With Many Thanks,

PMI

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Hello friends, Hallie here from Petit Manan Island!

Life here on Petit Manan is going so well. Our tern chicks are hatched and getting close to fledging, our pufflings are fluffier and plumper than ever, and we even have our first black guillemot and razorbill chicks.

One of the cool things about working on such a small island like this is when you have a new avian visitor, you notice. We are up to 110 bird species recorded on Petit Manan Island this season, which is remarkable in itself. We have had everything from warblers to short-billed dowitchers to even a least bittern, a small bird that you typically find in marshlands on the mainland. And as well, we have had a lot of birds with interesting plumage show up to the island — like this Common Murre.

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Leucistic Common Murre next to Razorbill and Atlantic Puffin

Common Murres are usually a dark chocolate brown, which is produced by melanin. This bird,  however, is silvery-grey — a result of a genetic mutation that inhibits melanin production. This result is called leucism, which is similar, yet very different to albinism. Regardless, it makes up for a stunning result — this bird very well may be one of the more beautiful I have ever seen. Whether or not male or female common murres also think so is up for debate — hopefully this bird’s unique plumage will not inhibit it from procreating in the future.

Melanin is one of many ways birds color themselves. The laughing gulls here use melanin to create that dark mask during the breeding season, which they use to deter other laughing gulls from their nests. You also often see birds with darkened wing-tips, like the terns, in which the melanin is used to strengthen the feathers and make them more durable.

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Adult Atlantic Puffin showing the orange-red carotenoid coloration in the bill and eye

But what other colors do we see here on PMI that have significance in birds?  Since we have been catching puffins this last week, I have been captivated by the bright orange feet and bills that the puffins display during the breeding season.  Puffins, and many other birds, get this rich orange-red color from carotenoids — a color they metabolize directly from their food. Puffins use the intensity of this color to show potential mates and rivals how fit they may be. The brighter their bills and feet, the better at fishing and raising a chick they may be! You can also see melanin in the feet and the mouths of black guillemots!

Next time you see a color in a bird, its worth asking exactly why it is that way. Often even the most subtle of colors on a bird have such an immense meaning. I will be doing the same — sitting here wondering why we get tern chicks in two different colors. Any ideas?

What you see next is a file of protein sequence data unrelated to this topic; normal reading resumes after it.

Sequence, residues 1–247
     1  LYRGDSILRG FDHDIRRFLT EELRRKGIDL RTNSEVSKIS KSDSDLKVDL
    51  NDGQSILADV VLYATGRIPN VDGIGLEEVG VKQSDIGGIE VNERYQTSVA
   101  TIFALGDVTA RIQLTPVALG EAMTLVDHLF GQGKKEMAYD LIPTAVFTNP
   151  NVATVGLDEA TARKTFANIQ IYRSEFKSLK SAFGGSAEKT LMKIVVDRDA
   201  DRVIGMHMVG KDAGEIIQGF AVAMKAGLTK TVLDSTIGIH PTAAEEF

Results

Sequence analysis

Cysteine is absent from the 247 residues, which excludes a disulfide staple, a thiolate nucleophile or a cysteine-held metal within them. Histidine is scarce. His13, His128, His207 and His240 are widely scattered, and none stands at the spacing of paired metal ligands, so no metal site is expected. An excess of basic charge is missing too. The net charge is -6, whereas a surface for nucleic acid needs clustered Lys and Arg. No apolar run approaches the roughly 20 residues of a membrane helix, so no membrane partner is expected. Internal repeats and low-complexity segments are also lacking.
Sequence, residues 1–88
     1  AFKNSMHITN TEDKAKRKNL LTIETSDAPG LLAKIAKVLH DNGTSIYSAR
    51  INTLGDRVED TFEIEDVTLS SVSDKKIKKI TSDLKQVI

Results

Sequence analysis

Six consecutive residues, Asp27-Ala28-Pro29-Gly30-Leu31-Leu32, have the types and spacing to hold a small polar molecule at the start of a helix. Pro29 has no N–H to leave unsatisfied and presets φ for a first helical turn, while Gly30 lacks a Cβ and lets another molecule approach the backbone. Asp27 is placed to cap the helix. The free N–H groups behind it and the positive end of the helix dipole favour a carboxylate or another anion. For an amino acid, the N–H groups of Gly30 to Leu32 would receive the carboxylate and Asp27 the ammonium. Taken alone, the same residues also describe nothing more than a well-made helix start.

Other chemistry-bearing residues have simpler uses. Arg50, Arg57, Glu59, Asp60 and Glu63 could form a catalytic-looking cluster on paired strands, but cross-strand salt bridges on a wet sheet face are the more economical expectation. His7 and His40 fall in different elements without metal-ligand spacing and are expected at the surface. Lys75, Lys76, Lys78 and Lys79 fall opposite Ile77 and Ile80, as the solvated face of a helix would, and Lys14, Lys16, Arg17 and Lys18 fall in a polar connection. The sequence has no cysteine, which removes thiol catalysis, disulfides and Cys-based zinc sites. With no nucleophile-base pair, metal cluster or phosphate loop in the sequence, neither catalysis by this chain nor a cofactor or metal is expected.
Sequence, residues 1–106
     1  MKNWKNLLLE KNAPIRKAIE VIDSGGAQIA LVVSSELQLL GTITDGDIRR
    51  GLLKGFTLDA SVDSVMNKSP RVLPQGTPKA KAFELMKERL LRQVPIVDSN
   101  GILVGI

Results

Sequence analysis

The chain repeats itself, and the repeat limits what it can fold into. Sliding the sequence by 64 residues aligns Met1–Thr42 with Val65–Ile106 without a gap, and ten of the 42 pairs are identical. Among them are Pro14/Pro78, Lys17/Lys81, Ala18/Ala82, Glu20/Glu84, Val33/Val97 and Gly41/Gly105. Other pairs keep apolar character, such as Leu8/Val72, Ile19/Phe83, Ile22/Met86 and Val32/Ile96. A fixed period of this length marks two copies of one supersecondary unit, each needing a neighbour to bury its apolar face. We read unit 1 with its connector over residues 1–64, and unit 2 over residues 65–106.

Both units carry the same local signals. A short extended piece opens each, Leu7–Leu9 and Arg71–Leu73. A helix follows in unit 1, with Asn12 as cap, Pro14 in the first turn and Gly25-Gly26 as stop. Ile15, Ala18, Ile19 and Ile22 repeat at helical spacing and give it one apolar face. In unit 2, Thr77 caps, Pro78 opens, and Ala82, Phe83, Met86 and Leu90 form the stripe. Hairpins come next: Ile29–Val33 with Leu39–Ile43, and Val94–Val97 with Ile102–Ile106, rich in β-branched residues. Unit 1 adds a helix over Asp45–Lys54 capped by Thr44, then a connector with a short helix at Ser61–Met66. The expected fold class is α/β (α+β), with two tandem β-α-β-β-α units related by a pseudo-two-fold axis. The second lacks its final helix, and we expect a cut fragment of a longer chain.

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Common Tern chicks from the same nest showing the two different plumage colorations

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Hello hello all amazing and wonderful seabird fans!

Hallie here, writing from the currently gloomy and rainy but still wonderful Petit Manan Island!

It has been a very exciting week here on the island! We completed our GOMSWG census as Brandon highlighted, and we had a total of over 1400 tern nests, 640 Laughing Gull nests, and 47 eider nests! In addition, we already have over 47 Puffin nests, 54 Black Guillemot nests, 20 Leach’s Storm Petrel nests, and even a handful of Razorbill nests!

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Common Eider ducklings

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Arctic Tern chick with egg-tooth (the white calcified bit on the end of its bill)

But if you are wondering the specific reason why I cannot wipe a smile off of my face — it is because our chicks have begun hatching! After a period of incubation specific to every species, the chick will begin the long and tiring journey of hatching.  Chicks have a specialized calcified bump on the ends of their bills called an egg tooth, of which they use to slowly chip away at the eggshell from the inside, making their way around until they hatch. For most individuals, hatching takes around 12-48 hours, and they emerge looking like cute little fuzz-balls with little flipper feet — and trust me, its adorable.

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4 day old Savannah Sparrow chicks!

From the point of hatching on, for all chicks on the island including the cute little Savannah Sparrow chicks pictured, the job for the parents arguably becomes harder. The chicks not only still require periods of incubation, but they also need to be fed multiple times a day, sometimes even multiple times an hour! We have been finding some chicks increasing in weight by over 300% in a 24 hour period! They honestly grow up so quickly.

For the next few weeks here on PMI, we will be monitoring the productivity and development of our tern chicks, doing provisioning where we will identify fish that the parents are feeding their chicks, collecting fecal samples to look at what the adult birds are feeding themselves, and banding chicks with 2 bands that we can use to re-identify them in later years. Today, if we are lucky, we may even band our first puffling — something that I have honestly dreamed of doing ever since I banded my first bird 4 years ago!

Until next time, bird nerd friends!

 

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Devon and I celebrating his first banded Arctic Tern chick!